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In the latest sign that it’s worried about Linux, Microsoft Corp. last week launched a campaign designed to give customers information about the advantages of using Windows over its open-source competitor.

Get the Facts is a print and online advertising campaign that will target leading IT publications and run for six months, said Microsoft officials, declining to say what the company expects to spend on the campaign.

The campaign is the latest attempt by the Redmond, Wash., software company to counter the success of Linux and is in line with the strategy embraced by the company’s open-source and Linux strategist, Martin Taylor, who took over the role in July. At the time he was appointed to replace Peter Houston, Taylor said he would make it his personal mission to publicize studies that showed Microsoft software beating open-source alternatives on return on investment.

Officials said that customers had told Microsoft they wanted research and information to help make value-based IT decisions. Over the past year, software cost and value has been a common issue raised by IT customers.

The ads will drive customers to a new Web site, facts, to find information on what customers and analysts are saying about Windows versus Linux, officials said.

One prominent statement on the site proclaims that “leading companies and third-party analysts confirm it: Windows [Server System] has a lower total cost of ownership and outperforms Linux.” Similar statements have been challenged by the Linux and open-source community and are certain to stir more controversy.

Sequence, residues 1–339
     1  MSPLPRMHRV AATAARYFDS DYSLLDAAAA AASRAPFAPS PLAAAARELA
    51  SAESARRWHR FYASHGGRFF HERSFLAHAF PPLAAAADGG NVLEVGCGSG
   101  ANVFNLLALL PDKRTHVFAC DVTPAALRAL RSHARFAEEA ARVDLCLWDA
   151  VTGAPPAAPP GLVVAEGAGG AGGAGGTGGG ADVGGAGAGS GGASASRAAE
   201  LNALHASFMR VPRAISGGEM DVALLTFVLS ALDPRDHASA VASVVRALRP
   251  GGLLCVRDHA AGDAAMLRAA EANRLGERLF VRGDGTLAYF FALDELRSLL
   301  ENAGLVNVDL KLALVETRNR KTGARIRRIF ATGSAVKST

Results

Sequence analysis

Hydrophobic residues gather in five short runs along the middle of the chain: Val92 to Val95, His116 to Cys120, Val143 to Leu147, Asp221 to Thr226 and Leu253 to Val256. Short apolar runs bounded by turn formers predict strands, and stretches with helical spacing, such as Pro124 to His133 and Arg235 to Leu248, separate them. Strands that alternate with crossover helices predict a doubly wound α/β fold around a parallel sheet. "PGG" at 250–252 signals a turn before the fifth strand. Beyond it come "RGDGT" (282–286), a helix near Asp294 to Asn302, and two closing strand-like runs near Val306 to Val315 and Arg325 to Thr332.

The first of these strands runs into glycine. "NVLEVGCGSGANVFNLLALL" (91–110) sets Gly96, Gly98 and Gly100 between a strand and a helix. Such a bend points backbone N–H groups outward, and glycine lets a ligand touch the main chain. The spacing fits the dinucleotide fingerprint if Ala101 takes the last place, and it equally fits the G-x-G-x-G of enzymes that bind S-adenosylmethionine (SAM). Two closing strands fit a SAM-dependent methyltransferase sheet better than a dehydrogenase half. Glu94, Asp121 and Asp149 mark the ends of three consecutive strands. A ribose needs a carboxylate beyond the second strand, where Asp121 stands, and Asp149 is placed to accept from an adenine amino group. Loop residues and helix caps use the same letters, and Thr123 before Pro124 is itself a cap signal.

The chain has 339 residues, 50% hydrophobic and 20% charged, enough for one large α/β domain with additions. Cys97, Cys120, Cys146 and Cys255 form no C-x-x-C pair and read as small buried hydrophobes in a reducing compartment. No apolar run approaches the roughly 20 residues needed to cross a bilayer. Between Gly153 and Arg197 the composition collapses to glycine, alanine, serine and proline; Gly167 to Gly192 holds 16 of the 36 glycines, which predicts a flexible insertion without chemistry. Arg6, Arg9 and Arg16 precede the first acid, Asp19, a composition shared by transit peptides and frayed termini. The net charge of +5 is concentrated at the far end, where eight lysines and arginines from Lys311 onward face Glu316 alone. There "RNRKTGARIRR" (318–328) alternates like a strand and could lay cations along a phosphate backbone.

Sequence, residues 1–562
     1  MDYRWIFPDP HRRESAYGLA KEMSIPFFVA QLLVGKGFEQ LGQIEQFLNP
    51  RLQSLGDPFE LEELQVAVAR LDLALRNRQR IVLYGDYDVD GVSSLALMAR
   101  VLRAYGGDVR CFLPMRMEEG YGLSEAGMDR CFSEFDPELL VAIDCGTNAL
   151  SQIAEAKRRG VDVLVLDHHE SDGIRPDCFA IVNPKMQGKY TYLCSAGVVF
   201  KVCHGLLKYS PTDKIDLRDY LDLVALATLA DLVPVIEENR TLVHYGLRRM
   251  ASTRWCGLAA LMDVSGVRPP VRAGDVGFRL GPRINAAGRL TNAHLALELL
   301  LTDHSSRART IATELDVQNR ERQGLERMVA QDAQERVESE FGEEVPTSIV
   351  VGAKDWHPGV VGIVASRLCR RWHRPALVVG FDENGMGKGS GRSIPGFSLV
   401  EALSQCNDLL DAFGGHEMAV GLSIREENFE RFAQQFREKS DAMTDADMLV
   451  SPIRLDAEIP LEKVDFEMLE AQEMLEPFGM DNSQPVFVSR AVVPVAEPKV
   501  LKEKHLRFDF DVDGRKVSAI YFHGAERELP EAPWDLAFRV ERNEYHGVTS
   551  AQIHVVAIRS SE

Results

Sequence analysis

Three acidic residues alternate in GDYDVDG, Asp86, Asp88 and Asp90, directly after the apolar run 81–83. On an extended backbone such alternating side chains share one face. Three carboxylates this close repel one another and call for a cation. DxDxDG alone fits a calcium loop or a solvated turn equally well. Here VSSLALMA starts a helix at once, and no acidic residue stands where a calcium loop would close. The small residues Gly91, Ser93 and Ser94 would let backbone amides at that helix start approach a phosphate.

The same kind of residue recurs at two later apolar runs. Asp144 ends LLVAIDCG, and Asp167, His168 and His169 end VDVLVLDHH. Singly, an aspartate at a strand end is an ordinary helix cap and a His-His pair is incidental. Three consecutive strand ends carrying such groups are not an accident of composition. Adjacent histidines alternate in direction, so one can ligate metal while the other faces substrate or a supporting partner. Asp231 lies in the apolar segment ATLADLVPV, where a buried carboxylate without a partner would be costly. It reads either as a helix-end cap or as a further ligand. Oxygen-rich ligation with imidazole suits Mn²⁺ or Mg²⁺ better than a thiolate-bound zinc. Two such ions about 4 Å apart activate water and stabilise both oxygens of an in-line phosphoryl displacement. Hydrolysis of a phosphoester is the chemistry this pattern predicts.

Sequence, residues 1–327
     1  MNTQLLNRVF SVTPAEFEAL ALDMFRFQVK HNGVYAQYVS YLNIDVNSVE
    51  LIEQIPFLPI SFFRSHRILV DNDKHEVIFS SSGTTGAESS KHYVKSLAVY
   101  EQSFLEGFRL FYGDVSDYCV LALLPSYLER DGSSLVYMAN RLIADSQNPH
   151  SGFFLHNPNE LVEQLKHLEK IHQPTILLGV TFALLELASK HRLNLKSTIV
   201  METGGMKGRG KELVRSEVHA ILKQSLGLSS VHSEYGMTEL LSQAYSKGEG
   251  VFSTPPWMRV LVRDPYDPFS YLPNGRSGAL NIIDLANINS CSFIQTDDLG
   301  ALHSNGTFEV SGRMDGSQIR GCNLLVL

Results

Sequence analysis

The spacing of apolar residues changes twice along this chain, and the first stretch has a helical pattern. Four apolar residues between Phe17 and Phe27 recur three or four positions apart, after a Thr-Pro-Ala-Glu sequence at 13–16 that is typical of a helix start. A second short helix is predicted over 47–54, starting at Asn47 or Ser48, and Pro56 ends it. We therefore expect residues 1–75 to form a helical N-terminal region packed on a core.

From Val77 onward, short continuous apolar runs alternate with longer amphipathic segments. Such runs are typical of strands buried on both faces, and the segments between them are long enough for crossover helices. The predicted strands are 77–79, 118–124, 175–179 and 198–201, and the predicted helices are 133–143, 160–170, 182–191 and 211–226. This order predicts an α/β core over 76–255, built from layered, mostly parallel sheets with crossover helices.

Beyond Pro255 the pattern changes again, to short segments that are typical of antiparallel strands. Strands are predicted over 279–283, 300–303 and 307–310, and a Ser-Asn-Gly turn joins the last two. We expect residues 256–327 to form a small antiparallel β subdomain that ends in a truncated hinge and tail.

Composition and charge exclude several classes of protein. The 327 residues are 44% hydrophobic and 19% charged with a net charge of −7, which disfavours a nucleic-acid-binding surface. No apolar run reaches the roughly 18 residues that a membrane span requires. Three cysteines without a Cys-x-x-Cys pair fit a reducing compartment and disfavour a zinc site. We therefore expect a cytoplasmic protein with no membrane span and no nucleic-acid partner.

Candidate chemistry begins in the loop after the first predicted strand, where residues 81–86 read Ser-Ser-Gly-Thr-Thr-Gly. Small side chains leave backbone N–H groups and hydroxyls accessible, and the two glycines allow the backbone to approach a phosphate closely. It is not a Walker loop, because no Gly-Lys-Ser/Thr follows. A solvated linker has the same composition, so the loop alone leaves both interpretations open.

Taylor’s plan to supply customers with “objective” third-party research and facts —much of which is paid for or sponsored by Microsoft—also has not been that well received.

In fact, after Forrester Research Inc.’s Giga Information Group unit published in September a study paid for by Microsoft that found the company offered a cost advantage over Java 2 Platform, Enterprise Edition/Linux as a development platform for certain portal applications, the research company said it would not publicize similar studies in the future.

Microsoft has also been losing high-profile customers to Linux, many of them governments and governmental agencies and departments. Last month, the Israeli government said it will encourage the development of lower-priced alternatives to Microsoft software in an effort to help expand computer use by the public.

The governments of Great Britain, Brazil, Japan, South Korea, China, South Africa and Russia are also taking the measure of open-source alternatives to Microsoft, while federal agencies in Germany, France and China are already employing or are considering open-source alternatives.